In a few minutes, Jim West joins my table. Chit-chat ensues, personal and musical. We are both a bit in awe of the names we can identify. That's when I Jim pointed out Tommy Tedesco and his wife. Tommy Tedesco! Wow. This guy has played on everything! Well, that's a bit of an overstatement, but Tommy is like the king of the studio guitarists. He played on a huge number of surf sessions if the sixties [Marketts "Out Of Limits", etc.].

Dinner eventually gives way to more mingleage, and then a call to arms to the players from Jay. The moment of truth has arrived. I'm stoked. With what I've seen so far, it's gotta be good. From the first pick, the performance was note perfect. Their sound was pure, clean, and very infectious. How can anyone play with such energy, emit such joy through their instruments, and be so tight without a bunch of rehearsals at least?

"Gotta Woodie Today" was stellar, as were "Run, Don't Walk" and "Gettin' Air." I'm no trad vocal surf fan, as you know, but when Jason Scheff and Craig Copeland stepped up to the mic for the vocal numbers, it was astonishing. I had seen the Beach Boys unintentionally a few months back, and they were really sad. The vocals were not very good, and the falsetto was carried by a youngster. Jason and Craig were right on without monitors or pretensions, and it was really sweat. It almost made me wanna rethink my vocal stance. Fortunately, I realized that they were the exception, not the rule. They were incredibly good.

What strikes me looking back now is that they all had the same matter-of-fact humility about their talent that I had witnessed many times with Ashwin Batish [virtuosos sitar player] in his Santa Cruz home. Ashwin comes from a long line of musicians in India. He grew up surrounded by the best and it rubbed off. He's the nicest guy you'd wanna know. And so it is with Jay and the guys in his band. They were all equals in their own eyes. As you'll see, this is an attitude, not a talent judgment on their part. rake For forty five minutes, Rake & the Surftones held the rest of us captive. They played with unbelievable precision which coexisted with a genuine musical warmth.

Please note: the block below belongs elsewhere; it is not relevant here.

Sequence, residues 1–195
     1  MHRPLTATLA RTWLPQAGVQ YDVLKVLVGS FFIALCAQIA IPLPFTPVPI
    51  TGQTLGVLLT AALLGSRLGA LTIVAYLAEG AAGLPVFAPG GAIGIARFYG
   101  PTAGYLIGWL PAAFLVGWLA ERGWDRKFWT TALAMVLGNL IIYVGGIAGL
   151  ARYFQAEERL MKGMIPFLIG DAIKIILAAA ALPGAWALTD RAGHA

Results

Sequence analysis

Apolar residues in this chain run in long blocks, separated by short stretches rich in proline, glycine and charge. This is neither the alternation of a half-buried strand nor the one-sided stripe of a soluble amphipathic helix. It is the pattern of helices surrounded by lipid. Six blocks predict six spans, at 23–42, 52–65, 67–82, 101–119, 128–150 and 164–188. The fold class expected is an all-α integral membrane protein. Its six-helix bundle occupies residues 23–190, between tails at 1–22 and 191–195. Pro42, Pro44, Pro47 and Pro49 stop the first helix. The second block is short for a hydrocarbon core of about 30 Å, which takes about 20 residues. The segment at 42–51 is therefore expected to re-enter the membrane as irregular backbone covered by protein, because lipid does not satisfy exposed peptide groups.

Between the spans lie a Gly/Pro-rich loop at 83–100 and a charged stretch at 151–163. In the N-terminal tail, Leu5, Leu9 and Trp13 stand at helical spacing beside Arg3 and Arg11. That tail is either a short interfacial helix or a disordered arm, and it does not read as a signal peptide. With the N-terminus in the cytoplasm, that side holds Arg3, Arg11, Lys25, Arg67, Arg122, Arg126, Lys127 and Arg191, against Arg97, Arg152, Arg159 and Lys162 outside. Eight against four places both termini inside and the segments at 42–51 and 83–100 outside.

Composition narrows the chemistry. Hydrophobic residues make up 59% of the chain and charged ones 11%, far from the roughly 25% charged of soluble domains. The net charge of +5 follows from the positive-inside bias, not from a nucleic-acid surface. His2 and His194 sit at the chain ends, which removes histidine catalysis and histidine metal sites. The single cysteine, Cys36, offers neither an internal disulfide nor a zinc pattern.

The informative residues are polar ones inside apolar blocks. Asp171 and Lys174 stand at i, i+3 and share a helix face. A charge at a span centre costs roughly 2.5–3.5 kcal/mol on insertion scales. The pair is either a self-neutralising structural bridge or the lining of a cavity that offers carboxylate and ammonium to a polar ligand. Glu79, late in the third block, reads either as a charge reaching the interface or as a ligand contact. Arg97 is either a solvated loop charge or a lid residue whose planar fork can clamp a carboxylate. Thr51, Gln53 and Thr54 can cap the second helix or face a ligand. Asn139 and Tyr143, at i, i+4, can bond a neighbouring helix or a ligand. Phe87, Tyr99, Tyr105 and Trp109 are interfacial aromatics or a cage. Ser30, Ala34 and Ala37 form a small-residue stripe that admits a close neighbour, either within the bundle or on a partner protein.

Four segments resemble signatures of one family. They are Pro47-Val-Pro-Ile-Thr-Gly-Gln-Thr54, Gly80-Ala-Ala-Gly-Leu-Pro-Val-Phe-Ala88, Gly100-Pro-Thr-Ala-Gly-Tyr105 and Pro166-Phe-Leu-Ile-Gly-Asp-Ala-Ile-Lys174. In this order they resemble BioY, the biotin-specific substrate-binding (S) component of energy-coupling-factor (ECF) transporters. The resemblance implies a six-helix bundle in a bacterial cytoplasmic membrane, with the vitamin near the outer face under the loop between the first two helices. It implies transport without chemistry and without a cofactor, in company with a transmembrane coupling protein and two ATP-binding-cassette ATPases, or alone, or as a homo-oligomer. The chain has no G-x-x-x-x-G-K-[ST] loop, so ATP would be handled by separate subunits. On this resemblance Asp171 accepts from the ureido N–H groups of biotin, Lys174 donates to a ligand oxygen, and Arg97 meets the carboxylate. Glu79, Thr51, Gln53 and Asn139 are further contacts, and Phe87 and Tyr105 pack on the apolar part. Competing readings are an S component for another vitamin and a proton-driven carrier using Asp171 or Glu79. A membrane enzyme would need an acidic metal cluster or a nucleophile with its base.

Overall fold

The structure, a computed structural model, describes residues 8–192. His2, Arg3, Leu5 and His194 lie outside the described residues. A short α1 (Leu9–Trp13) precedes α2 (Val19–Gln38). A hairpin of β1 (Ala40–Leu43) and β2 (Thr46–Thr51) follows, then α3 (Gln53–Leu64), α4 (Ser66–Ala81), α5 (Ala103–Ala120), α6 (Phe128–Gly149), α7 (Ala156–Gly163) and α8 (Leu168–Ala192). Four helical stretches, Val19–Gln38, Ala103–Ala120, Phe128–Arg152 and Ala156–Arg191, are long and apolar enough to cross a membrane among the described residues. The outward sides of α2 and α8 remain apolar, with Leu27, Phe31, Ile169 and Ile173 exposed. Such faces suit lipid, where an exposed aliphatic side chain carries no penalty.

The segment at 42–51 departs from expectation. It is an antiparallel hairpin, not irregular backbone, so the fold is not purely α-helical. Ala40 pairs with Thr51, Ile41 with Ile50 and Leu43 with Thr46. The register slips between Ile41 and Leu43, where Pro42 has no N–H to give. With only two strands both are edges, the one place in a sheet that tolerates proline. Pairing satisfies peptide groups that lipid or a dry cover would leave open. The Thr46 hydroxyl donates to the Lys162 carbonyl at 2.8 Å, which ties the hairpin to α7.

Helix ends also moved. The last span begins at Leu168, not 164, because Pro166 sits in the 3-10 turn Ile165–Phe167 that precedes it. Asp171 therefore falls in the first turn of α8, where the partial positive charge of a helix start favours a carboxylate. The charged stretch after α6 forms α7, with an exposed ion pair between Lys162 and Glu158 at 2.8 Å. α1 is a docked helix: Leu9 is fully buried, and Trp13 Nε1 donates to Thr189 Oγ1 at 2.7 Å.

They also traded jabs between songs, looks during songs, and told funny stories about each other and their friends in the audience. Truly magical.

As the "planned" set came to an end, I was eager to see/hear what would happen when Jay coerced the players into following his twisted dream jam concept. In fairness, the idea was given to Jay by John Kurnick, who showed up real late after a gig. He joined the jam line up on guitar [he is one of the soloists on the "Surfers Toe Jam" track on the CD]. The idea? Jay called for every guitar in the house to join in. The folks on stage included Surftones Dean Parks, Jim Cox, Kenji Sano, and Darryl Voss, plus Steve Lukather, Tim May, Bobby Cochran, Teddy Castalucci, Sterling "Biff" Ball and Jim West. Once there, the concept was sprung on them.

Jay would lead them through a chromatic reading of the Surfaris' classic "Wipe Out", and not one player at a time, but all at once. So a half dozen guitarists would be playing together simultaneously, each in a different key. The grins were everywhere among the players as Jay made key assignments. Even the keyboard and bass were assigned keys. The plan was to rotate through the line-up around the stage to take leads as well. Now, this might be hard to imagine. It is even harder to do, since it requires the players to ignore what their ears are telling them about key on the one hand, and listening to stay tight on the other. It took about ten minutes to get everyone assigned, and to actually get up the guts to do it. Then it began.

The sound was simply the most amazing thing I've ever heard. It violated all the rules. It was both horrid and totally magnetic at the same time. It was a monster sound, never before heard. The leads were traded, and the rounds were made, and the whole house roared their approval when it was over. Unbelievable! I wish I'd been able to record that! The chromatic jam could not have happened except among friends such as were gathered here. In Jay's words, "This gig was not 'Hollywood' meaning I only invited people that would appreciate the serious humor without any business attachments. I could have turned this into a record company showcase but this would have been a 'groove killer' meaning the performance would be too thought out and safe. This was a night of total musical fun, good food and drink in the perfect environment. This party was not supposed to be a Hollywood star fest but was meant to be a free for all in musical fun land." It was precisely that environment, of friends and family, that would tolerate...no welcome such a risky performance idea.